I get it. With all that busyness, who has time to exercise, read a book, go for a walk, or start that language programme, right?

I don’t either. I am far too busy doing stuff. I am not sure what, but my days are filled to the brim. I bet yours are the same. …


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Photo by Toa Heftiba on Unsplash

You and I are so alike.

We have a dream. We think we know how to achieve it.

We are also impatient, so we look for ways to fast track its realisation.

We create a to-do list we believe will help us achieve our dream as quickly as possible. A to-do list that’s filled with words like ’top tips’, ‘how to (fill in the blanks) in 10 days’, ‘ intensive’, ‘immersion’, ‘mistake-free’, ‘fluent’.

But the results don’t materialise in the way and as fast as we want them to. In fact, we appear to be going backwards, not forwards.

To make matters worse, we can’t help comparing ourselves to others on social media, at conferences, during networking events, online summits. What do we see? Someone who’s doing things SO MUCH better, more efficiently, more professionally and more successfully than us. …


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Photo by Nik MacMillan on Unsplash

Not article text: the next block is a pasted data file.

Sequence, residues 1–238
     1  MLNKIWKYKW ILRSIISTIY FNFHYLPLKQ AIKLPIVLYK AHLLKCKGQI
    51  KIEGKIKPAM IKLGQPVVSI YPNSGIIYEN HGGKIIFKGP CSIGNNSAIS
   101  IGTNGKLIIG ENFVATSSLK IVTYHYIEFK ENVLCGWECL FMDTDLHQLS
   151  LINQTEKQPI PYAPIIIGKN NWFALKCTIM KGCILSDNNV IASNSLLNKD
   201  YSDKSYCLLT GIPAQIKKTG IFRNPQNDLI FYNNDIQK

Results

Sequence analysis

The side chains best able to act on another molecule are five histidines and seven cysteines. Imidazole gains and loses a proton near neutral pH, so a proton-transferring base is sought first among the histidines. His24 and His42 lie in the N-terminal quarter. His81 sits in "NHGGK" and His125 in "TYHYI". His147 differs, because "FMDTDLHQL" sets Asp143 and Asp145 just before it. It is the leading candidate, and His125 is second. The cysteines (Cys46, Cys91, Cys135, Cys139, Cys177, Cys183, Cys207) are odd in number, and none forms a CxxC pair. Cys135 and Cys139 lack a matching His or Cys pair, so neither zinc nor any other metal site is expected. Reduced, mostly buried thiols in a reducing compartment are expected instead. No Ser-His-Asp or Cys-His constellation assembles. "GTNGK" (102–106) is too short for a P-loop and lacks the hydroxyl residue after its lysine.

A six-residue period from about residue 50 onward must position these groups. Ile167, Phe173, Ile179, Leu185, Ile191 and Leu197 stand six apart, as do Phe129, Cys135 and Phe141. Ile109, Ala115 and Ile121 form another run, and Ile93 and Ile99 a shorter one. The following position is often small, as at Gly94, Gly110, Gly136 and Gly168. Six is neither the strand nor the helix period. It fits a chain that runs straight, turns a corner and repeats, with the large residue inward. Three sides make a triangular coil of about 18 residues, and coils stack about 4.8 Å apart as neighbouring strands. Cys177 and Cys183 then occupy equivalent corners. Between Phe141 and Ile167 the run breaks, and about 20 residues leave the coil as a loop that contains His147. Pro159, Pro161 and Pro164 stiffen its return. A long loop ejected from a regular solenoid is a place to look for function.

Your ultimate ambition is to ‘free flow’ speak in English during your business meetings.

I am not talking about the ‘free flow’ speaking associated with presentations and public speeches.

I am referring to the usual conversations you have during a business meeting where you’re asked for your opinion about an issue or asked to give a progress report on an ongoing project.

‘Free flow’ in those situations means to speak without thinking (or so you believe).

Why ‘free flow’ anyway?

You do it all the time in your first language.

It demonstrates your effortless grasp of the issue being discussed — competence. …

About

Shanthi Cumaraswamy Streat

On a mission to crush the grammar worrier and release the communication gladiator in international speakers of English. Am at https://englishwithatwist.com/